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there is one particular file that my external hard drive always freezes on when I try to read. Since I know a bit about HDs and RAID, I would have thought it should try to automatically perform error recovery and rewrite the content to another working location on disk, or at least inform me of the error. I've tried to do it several times and the HD just freezes, nothing else. I've installed HDTune (Win7 user) and all it said was I have 13 bad sectors out of millions. I'm in the process of backing up important stuff, but is this a sign that the disk is soon to be junk?

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did you try to fix your bad sectors? please read this article : click here

also there are several commercial applications which perform this task. you can try them.

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If you've been able to identify the hard drive that is causing the problem, I would say replace it right away and let your array rebuild. IF you're using Raid 5, maybe just add another spare and let it build up to Raid 6. Then the hard drive with the problems so your array doesn't suffer from down-time or much performance degradation, and run some low level diagnostics on it, including a surface scan to identify and mark the problem areas bad. It's better to have questionable areas permanently marked as BAD rather than to try to recover data from them and have them marked as GOOD, when those sectors will just immediately fail again.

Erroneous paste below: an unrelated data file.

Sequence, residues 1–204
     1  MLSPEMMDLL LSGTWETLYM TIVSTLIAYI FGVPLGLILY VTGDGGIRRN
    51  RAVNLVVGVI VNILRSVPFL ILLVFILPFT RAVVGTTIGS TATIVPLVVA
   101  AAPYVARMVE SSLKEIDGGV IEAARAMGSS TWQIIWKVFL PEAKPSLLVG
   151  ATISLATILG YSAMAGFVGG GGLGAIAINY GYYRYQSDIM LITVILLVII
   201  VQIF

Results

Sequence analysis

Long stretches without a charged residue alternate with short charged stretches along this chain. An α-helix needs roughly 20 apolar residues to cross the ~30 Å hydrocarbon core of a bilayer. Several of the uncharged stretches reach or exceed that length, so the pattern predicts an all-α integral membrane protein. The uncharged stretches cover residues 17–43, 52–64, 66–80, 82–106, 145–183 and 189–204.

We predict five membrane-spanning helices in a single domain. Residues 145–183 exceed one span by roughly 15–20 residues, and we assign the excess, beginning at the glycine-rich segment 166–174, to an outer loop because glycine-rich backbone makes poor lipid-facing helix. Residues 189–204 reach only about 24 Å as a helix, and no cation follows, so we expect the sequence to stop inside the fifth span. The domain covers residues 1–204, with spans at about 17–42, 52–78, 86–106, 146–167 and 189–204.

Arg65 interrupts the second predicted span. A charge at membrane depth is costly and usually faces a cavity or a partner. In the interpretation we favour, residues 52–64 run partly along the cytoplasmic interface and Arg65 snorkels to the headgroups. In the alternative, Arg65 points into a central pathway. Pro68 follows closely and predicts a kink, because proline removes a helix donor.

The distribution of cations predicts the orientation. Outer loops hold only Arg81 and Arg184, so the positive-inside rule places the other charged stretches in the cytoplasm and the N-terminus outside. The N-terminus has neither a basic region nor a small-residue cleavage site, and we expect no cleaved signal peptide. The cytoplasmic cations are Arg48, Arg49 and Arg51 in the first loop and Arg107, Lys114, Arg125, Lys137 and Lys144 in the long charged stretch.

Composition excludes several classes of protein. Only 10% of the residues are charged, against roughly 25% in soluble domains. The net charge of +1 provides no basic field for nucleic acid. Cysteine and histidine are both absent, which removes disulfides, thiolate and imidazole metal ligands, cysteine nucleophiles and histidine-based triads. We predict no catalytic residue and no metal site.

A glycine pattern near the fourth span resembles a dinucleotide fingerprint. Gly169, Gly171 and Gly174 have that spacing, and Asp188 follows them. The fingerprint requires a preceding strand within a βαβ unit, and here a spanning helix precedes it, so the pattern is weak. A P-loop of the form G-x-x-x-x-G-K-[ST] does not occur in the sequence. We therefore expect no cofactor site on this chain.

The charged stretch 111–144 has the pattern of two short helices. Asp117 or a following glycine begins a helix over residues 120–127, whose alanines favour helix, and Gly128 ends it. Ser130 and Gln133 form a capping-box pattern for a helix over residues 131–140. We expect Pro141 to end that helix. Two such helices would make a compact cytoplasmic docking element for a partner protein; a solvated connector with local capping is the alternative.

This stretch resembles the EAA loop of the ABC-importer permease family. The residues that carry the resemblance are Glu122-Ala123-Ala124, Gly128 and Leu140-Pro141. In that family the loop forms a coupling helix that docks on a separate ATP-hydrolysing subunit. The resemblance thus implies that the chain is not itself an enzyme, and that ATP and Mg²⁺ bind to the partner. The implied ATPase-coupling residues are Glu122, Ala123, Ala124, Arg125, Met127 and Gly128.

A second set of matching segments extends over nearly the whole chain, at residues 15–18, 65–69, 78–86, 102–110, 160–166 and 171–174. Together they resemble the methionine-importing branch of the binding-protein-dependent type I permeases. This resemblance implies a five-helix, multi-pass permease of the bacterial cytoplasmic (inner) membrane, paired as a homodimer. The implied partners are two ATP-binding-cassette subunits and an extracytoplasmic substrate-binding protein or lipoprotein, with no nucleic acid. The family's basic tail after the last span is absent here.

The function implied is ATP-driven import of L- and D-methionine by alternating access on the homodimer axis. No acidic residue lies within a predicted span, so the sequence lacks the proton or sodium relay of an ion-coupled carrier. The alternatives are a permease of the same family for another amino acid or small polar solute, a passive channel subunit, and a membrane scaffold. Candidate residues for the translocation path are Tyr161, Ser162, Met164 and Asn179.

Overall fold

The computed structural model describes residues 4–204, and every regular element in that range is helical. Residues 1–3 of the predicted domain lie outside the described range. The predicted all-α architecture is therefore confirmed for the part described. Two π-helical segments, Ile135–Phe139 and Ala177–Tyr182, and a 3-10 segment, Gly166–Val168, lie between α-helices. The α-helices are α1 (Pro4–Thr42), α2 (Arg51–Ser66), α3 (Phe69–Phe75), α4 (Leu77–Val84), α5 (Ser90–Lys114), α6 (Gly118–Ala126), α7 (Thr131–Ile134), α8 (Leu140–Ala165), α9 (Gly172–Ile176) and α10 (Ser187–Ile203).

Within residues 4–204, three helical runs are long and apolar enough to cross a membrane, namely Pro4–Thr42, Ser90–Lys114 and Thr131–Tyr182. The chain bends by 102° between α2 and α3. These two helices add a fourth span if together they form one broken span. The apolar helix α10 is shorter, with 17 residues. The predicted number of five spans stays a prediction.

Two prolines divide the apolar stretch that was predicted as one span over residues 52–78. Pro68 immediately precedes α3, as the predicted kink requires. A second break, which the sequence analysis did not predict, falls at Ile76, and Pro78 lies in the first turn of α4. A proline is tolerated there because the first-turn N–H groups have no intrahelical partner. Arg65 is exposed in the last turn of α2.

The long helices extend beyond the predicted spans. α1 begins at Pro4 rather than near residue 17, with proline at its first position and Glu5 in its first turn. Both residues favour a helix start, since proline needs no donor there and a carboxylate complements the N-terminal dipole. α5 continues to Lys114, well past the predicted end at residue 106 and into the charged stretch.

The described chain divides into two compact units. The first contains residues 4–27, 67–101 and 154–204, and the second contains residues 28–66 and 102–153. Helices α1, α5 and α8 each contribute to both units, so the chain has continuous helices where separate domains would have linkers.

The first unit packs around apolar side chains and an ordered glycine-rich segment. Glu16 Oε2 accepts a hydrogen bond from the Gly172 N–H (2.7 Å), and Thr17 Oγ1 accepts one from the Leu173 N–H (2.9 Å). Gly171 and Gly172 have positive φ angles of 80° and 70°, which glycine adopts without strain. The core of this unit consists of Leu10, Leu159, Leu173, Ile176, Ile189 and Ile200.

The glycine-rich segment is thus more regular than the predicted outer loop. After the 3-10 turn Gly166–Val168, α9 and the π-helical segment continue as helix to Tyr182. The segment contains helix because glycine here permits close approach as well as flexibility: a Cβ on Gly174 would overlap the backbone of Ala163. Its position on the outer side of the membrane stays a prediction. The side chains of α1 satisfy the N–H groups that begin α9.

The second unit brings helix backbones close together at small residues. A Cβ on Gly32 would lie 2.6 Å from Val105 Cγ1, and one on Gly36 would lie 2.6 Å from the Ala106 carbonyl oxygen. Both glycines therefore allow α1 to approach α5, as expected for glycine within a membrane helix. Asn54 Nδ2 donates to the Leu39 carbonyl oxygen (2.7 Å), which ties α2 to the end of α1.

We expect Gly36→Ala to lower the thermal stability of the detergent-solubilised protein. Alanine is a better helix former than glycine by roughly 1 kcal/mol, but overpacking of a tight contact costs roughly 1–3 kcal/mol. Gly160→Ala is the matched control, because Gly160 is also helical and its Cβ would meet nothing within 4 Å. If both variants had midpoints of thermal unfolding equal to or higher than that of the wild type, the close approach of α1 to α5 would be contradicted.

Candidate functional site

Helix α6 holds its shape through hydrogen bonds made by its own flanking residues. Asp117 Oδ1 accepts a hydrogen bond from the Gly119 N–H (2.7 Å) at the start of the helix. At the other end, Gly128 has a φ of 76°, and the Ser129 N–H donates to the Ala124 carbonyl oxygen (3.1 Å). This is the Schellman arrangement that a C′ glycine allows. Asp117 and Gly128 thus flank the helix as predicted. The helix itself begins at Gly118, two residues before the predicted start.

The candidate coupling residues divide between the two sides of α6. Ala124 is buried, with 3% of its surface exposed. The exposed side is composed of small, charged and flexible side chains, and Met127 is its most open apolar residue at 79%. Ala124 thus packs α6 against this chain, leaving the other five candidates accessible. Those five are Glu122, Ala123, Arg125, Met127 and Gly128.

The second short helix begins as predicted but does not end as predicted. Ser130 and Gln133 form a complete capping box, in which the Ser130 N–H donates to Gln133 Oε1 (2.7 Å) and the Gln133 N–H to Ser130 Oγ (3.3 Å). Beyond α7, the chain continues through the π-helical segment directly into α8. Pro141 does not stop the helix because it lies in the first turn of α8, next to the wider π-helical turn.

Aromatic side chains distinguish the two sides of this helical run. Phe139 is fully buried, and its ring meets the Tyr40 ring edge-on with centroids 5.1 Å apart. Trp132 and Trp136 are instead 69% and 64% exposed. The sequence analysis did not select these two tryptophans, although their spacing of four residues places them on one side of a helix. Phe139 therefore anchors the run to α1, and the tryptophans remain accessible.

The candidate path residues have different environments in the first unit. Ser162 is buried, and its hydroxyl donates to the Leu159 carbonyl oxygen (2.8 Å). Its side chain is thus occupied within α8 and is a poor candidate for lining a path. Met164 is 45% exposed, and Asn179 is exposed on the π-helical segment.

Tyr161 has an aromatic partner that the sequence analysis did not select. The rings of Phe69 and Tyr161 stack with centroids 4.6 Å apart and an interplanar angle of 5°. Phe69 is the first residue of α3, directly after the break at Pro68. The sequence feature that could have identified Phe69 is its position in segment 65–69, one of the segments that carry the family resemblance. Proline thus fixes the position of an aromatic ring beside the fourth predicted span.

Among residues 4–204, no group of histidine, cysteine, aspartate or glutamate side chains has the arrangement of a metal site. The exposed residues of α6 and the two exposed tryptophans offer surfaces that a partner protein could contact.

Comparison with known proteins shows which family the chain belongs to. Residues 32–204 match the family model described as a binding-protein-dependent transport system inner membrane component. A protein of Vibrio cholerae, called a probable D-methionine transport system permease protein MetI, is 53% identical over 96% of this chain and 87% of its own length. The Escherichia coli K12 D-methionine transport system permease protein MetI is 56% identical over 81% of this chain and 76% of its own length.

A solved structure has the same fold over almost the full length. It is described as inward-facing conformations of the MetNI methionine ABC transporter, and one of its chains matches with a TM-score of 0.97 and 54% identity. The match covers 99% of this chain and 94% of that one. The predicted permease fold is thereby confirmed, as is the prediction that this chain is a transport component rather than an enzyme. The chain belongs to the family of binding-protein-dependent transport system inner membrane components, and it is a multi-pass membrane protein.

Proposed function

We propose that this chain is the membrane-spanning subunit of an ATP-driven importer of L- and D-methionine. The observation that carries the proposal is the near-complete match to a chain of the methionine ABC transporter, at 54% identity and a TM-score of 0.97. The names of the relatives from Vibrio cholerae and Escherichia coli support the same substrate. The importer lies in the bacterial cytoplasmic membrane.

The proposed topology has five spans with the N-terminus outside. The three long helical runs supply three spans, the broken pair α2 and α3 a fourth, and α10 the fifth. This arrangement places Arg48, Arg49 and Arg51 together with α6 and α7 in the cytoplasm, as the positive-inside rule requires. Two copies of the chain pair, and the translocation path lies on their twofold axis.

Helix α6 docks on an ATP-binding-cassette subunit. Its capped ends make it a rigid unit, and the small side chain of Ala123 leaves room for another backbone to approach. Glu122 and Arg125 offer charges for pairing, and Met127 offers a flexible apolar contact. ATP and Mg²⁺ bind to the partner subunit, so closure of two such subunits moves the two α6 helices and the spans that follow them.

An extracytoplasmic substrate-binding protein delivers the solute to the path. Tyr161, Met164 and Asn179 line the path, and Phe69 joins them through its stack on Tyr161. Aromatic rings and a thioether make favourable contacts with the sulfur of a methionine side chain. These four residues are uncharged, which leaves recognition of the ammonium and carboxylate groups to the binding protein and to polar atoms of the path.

The article referenced above is akin to running a CHKDSK /R which painstakingly reads and tests every sector of a drive, and hammers any bad spots to try to recover data from the bad spots and sometimes mark the sector as "good" again and does not even apply to a RAID array. In this case, you indeed do have a RAID array, so that should be completely unnecessary, and not something you would want to do. It would be a terrible strain on all your drives and would not fix your underlying problem.

In any case, I would not re-integrate that drive back into the array, as I'm assuming integrity is the paramount.

You could easily use it for an Un-Raid system without any real risk, however, which is sort of a mix between a JBOD and Raid 4. IT uses one drive for parity for all the other drives that it treats as one large drive. No striping, so if a drive is removed, the data on that drive is still usually usable, and can be replaced and rebuilt by another drive from the other drives and the parity drive, like Raid 4.

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